A difficult and pressing debate has emerged in recent years over the boundaries between corporate and personal brands, and what happens when they collide. It is argued that to attract top talent, you need to be open to individuals cultivating their own personal brand alongside your employer brand. This situation, however, raises difficult questions around content regulation and community ownership.
Writing in the New York Times, David Carr focuses on the relationship between Twitter and media organizations. He makes a point that applies to may companies as they face an employer brand that is at least in part constituted by a plethora of personal brands: “media outlets may be seen as a federation of voices, but there has to be a there there, a single unifying principle or value.” The question is how to develop a focus for that core employer brand.
Meghan Biro suggests developing a set of “social ideas for leadership”. She argues that it can be a great asset to have brand ambassadors in your employees, but that you have every right to control and police any output directly related to your business. She advocates a guideline document for anyone wanting to represent the company online, including how to name a brand with shared interests. She suggests a dedicated name for professional content, such as @JoeSBrandx, rather than just @JoeS. She says, “this way the company respects the individual’s personal brand while providing a company-blessed channel for the individual to share information about the company, employer brand.”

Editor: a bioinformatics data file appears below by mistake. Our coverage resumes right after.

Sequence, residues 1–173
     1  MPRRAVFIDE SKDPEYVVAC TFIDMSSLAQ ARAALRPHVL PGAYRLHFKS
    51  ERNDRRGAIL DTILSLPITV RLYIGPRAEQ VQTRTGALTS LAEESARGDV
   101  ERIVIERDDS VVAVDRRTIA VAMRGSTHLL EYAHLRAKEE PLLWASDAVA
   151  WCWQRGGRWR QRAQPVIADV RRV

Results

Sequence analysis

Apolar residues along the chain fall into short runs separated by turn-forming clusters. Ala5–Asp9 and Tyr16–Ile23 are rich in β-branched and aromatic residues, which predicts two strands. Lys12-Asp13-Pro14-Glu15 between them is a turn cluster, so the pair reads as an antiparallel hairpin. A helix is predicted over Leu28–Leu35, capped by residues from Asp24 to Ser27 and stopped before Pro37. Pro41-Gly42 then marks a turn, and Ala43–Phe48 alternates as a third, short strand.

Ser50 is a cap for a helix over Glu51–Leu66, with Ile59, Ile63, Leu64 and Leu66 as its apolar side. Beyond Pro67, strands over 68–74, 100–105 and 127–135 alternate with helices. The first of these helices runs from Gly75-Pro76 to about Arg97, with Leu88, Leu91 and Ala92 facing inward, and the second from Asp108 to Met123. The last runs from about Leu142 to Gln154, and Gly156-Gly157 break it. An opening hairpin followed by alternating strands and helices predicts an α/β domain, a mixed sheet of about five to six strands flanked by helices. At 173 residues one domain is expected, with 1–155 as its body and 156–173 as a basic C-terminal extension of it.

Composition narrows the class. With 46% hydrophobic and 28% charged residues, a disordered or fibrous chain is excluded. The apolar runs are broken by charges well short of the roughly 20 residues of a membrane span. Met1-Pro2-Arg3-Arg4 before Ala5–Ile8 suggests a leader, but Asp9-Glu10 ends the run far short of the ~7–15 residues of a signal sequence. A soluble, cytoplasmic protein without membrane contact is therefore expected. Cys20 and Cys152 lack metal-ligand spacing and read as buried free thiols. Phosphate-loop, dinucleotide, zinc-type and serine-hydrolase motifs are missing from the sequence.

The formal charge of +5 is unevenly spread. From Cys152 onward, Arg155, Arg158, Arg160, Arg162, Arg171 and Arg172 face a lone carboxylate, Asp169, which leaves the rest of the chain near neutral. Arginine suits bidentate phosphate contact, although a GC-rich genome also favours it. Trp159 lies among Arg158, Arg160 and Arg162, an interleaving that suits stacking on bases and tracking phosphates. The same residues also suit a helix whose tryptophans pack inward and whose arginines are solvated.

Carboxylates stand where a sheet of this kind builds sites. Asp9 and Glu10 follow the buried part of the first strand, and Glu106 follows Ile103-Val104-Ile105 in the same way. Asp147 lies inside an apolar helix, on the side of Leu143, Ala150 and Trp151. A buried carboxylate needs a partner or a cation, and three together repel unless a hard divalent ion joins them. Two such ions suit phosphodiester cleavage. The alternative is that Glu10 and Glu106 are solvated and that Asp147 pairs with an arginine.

Another approach, discussed in an article by Mike Stopforth, is to provide direction for the content of the brand, rather than its identity. Stopforth mentions a company that chose to incentivize staff to share their online content via an internal network, and then rewarded those that sparked the most interest. He states, “in this way, staff were online, but constantly thinking about how to source and share content that was valuable to their colleagues too.”
There are any number of possible answers to this question. It is, however, an inevitable question that all companies will face over the coming months and years. How do you manage the virtual space where corporate and personal meet?